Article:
Sometimes a kiss, a bandage, and an ice pack aren't enough. The following injuries may require immediate medical attention:
Bleeding that won't stop after ten minutes of direct pressure.
Crying for more than ten minutes after he has hit his head
A severe fall (down a stairway, for example)
He has a seizure He was unconscious, no matter how briefly
He vomits afterward
His pupils are unequal in size
His eyes are crossed
Cuts: Very deep or present a “smile” (the skin edges in the center of the cut are farther apart than on the ends)
Burns: blisters, significantly swells, or has white patches or charring
If you take your child to the emergency room, follow these steps to get the help you need.
Stay calm. Your child will pick up on your emotions and may become more upset if he sees you panicking. You need to move quickly, deliberately, rationally. Be sure to take your health insurance card with you. Also take your child's lovey, some books to read, and a quiet toy. Unless your child's injuries or illness is life-threatening there is usually a wait to be seen. Organize in your mind the history of the illness/ injury, any pertinent previous illness, and what treatment you've already administered.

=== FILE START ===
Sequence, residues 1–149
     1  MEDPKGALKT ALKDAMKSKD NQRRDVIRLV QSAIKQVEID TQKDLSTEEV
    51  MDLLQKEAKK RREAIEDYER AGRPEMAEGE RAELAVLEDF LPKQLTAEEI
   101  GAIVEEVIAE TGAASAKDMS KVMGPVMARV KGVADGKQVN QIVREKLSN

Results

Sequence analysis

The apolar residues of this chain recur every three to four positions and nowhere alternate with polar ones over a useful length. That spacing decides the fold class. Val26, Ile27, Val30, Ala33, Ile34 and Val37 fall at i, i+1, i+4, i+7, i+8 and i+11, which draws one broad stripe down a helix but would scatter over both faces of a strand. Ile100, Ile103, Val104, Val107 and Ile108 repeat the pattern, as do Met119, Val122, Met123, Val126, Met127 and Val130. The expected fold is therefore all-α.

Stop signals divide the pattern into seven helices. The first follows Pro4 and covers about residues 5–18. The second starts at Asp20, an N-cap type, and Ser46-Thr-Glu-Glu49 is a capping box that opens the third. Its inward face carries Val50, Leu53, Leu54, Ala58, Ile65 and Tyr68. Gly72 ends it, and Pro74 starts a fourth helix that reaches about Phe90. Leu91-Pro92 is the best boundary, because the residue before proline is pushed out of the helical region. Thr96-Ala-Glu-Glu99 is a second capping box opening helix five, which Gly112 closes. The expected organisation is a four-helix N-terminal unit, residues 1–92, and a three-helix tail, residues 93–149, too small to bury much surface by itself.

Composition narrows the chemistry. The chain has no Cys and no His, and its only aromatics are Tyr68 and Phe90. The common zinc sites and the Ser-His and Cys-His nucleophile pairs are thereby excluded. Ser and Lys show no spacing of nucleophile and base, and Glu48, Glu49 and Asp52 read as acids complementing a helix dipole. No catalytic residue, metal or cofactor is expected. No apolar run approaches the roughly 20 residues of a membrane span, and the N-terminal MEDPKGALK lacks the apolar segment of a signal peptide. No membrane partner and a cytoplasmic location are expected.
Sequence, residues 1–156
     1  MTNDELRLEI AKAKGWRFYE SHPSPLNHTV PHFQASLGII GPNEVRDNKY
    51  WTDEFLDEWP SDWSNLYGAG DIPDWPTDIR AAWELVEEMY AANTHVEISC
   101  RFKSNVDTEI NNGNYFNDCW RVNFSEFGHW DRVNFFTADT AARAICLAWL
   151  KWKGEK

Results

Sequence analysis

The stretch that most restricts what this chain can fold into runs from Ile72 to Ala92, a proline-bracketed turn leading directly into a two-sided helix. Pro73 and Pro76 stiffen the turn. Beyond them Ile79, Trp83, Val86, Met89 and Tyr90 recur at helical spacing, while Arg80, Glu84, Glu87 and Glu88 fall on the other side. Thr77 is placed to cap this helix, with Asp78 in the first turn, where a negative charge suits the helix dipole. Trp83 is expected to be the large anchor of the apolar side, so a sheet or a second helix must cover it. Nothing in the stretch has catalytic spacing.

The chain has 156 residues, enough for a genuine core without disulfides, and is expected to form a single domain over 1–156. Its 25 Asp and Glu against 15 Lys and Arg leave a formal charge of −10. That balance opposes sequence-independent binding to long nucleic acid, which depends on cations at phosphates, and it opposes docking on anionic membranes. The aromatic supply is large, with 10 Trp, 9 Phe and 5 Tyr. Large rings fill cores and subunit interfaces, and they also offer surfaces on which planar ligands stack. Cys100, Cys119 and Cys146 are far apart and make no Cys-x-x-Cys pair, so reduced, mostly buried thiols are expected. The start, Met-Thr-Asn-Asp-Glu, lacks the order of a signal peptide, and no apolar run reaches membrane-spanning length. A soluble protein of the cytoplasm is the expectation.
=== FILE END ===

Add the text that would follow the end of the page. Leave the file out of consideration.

Choose a child-friendly ER if possible. Children's hospitals have pediatric specialists available 24/7. Talk to your doctor before your child ever needs an ER about which hospital to use in an emergency.
Call your doctor before you go. She can decide if you need to go to an ER, should come into the office, or can treat the problem at home. She can also call ahead to the ER to alert them that you are coming in.
Be your child's advocate. Speak up and ask to see a doctor immediately if you feel your baby's condition is worsening. Ask questions about diagnosis and treatment and inquire if there are other options if you're not satisfied. Stay with your baby, soothe him in quiet tones.
Get clear discharge instructions and follow up with your own pediatrician.